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tas obligatory upon the body who adopted it, and derived heir authority from it, and became to them a written Con. itution, prescribing and limiting their functions.
Though not strictly in the order of time, it may be added ere, that these articles of confederation were ratified by I the States, except New Jersey, Delaware, and Maryind, before June, 1778. New Jersey ratified in November f that year, after a vain effort to procure some important iodifications; Delaware did not assent until the 22d of 'ebruary, 1779. Maryland, who had, with Delaware, in isted on an amendment, securing the Western lands for he benefit of all the States, adhered to her resolution much inger, and carried on an intermediate controversy with Virinia on the subject. She, however, never delayed in her xertions in support of the war, and finally acceded to the Confederation in March, 1781. She protested that her conent was given because “ the common enemy" was encourged by her refusal, and because her “friend and illusrious ally' (France) believed her accession would greatly enefit the common cause." She declared at the same time, hat " by ratifying the articles of Confederation, she did not elinquish, or intend to relinquish, her interest with the ther confederated States to the Western territory."
The necessity of adopting some system of action in Congress lad been forced upon them in the summer of 1777, by the onfusion which prevailed throughout the public service. The vant of system had not only endangered the organization of he army, upon which the defence of the country relied, but lad contributed essentially to impose upon Congress the adopion of that unwise financial policy, and those harsh expelients which affected the currency so fatally. The departnents of the Commissary General and the Quarter-Master General were not well organized, and what they could have ffected in the procuring of supplies was obstructed by the vernicious interference of Congress in the regulation of prices. The depreciation of the bills of credit, which had jeen profusely emitted during the first years of the war, was Warming, and the remedies proposed were false in principle ind most unjust in effect. The three millions that had been ssued in 1775 had been increased, by successive émissions, until the amount reached to near a hundred millions, for which the faith of the States was pledged; but no means were provided for its redemption, or to give a prospect of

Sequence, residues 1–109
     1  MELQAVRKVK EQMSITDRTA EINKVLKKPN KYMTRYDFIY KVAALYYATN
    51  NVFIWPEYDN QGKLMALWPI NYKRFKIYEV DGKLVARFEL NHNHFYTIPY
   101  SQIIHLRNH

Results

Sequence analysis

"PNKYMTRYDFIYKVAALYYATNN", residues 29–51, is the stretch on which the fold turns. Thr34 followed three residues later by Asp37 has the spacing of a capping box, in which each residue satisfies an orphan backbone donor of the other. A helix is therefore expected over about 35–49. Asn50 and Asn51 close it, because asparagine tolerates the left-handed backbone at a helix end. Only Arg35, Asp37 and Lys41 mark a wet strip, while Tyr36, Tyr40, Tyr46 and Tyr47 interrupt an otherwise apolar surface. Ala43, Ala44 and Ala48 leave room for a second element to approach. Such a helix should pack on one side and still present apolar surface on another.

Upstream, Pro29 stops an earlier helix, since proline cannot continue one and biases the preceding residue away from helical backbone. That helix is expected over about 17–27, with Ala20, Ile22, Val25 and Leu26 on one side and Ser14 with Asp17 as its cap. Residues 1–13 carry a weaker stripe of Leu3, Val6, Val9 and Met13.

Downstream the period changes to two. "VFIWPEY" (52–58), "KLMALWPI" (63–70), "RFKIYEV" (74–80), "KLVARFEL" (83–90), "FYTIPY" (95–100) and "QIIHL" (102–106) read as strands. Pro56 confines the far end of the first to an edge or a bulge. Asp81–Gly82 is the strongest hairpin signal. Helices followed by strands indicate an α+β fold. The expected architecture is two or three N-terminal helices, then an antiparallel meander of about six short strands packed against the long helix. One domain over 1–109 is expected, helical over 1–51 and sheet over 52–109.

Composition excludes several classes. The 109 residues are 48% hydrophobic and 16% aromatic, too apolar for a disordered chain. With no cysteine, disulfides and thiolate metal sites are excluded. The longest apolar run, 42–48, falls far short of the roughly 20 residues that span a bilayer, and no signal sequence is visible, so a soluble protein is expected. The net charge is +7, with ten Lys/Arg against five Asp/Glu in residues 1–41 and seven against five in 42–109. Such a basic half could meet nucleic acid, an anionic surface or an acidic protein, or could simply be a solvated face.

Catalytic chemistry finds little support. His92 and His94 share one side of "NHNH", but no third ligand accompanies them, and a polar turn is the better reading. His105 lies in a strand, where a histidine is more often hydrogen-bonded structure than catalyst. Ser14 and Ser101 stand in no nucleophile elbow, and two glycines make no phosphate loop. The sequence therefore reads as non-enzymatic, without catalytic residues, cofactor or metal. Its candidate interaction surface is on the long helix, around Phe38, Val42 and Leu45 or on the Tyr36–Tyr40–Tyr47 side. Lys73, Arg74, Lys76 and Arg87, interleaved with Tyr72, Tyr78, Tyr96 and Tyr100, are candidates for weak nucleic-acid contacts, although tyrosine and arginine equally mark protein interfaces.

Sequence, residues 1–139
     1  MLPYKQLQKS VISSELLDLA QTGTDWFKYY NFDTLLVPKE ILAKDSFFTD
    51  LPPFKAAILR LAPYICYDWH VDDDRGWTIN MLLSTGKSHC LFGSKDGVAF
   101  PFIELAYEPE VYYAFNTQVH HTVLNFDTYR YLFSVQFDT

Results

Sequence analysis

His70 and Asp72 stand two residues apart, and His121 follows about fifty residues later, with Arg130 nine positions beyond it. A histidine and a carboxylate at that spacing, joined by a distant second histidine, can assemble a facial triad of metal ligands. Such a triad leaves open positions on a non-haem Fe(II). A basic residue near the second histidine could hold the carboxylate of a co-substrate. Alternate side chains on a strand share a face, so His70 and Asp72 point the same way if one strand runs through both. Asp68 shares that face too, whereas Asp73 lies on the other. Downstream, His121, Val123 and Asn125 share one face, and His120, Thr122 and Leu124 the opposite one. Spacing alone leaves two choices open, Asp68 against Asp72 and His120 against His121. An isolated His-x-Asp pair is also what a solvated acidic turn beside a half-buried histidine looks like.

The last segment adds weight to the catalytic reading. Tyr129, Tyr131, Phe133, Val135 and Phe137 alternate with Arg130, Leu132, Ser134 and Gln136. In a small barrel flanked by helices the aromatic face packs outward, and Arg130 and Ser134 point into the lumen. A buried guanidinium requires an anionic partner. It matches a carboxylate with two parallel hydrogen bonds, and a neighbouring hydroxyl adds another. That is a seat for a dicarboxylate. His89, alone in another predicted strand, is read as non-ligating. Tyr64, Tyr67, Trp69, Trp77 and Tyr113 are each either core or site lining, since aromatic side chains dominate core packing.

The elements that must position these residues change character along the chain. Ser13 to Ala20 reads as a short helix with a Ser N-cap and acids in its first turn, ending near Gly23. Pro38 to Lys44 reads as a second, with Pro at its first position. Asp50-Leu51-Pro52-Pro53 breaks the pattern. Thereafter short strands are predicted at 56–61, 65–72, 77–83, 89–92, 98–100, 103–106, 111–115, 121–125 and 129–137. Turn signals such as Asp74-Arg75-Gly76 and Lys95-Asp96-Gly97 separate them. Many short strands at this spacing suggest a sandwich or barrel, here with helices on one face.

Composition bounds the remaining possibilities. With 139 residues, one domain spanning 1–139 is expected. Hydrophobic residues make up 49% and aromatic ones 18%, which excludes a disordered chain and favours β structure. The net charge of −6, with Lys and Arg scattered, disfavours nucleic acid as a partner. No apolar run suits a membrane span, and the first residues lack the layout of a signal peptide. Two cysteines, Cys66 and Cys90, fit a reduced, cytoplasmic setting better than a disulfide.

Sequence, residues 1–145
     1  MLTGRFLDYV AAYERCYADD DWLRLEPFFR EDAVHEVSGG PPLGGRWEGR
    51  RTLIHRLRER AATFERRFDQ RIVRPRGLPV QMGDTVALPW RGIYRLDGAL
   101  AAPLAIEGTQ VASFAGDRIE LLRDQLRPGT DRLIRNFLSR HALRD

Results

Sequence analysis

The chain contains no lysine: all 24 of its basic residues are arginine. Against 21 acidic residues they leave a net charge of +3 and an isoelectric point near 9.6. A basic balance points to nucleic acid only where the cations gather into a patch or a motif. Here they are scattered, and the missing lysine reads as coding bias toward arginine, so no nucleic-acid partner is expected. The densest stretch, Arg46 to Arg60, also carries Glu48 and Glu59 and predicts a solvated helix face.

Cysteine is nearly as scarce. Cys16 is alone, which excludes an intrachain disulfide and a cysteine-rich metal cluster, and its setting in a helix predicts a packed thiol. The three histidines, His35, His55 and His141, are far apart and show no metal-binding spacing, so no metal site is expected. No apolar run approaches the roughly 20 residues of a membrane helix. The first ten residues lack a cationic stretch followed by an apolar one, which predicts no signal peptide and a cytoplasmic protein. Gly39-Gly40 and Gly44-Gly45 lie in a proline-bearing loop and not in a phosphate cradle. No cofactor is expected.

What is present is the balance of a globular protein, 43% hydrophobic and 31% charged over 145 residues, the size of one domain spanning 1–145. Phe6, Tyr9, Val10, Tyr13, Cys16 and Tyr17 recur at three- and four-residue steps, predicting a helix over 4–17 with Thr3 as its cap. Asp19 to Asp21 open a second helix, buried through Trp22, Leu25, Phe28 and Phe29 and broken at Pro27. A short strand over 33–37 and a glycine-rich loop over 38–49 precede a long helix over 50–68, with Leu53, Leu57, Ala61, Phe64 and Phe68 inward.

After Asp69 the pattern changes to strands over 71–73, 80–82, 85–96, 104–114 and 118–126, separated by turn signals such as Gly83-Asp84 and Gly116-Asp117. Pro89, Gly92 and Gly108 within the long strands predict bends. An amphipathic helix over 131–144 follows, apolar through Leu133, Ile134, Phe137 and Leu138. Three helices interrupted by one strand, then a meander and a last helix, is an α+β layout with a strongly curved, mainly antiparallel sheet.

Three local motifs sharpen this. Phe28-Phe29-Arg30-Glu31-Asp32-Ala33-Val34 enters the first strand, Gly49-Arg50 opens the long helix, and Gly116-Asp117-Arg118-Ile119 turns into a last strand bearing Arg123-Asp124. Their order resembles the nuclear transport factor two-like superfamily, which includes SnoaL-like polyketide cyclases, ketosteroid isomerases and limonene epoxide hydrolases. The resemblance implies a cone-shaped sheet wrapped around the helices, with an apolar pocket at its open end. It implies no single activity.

eventual security to the holders. Without commerce, with state governments but imperfectly organized, and no common government for the whole, it would have been imprudent to : call for taxes, even had there been a superintending authority to prescribe and collect them; foreign trade was totally ex- : tinct, and Congress had no other resource but unlimited promises, contingent not only upon the successful issue of the war, but the subsequent formation of an efficient govern- i ment, and the untried ability of the country in times of: peace and independence. Depreciation of this paper was the unavoidable consequence. It was seriously felt in the i beginning of 1777. To counteract it, Congress, in January, provided a law, making the bills a tender in payment in all it public and private business, and declaring the refusal to receive it as such, to be the extinguishment of the debt. Whoever u refused to receive it at par, in exchange for any articles of u property whatever, was denounced as an enemy to his 1 country. These wild and dangerous measures only served as to accelerate the mischief by enhancing prices enormously, and Congress accordingly, proceeding in the same coer- cive measures, and attributing to hostile feelings, or the de- . sire to speculate on the public distress, what was the real effect of their own measures, and the impoverished state of the country, resorted to still stronger and indefensible expedients. They procured the establishment in the States of an laws regulating the price of labor, and of all exchangeable commodities. If any persons refused to sell, the purchasing i commissaries were authorized to seize upon all surplus beyond a given quantity, at the prices so fixed. This arbitrary sys- ja tem drove every thing out of the public market. Citizens i secreted their effects and intermitted their industry, and be the public embarrassments increased instead of diminishing. An exhausted country was goaded by such palpable wrong, and by the unerring instincts of self-preservation, to obstruct the furnishing of what was absolutely required by the public necessities. In November, 1778, about the time of the adoption of the articles of Confederation, an effort was ab made to alter the system of finance, by raising the necessary i sums from the States in the form of taxes. Five millions were apportioned among them, to be raised within the year; * the amount to be funded until the final settlement, at an interest of six per cent. But the expedient succeeded badly. Little attention was paid to the regulation, and the old sys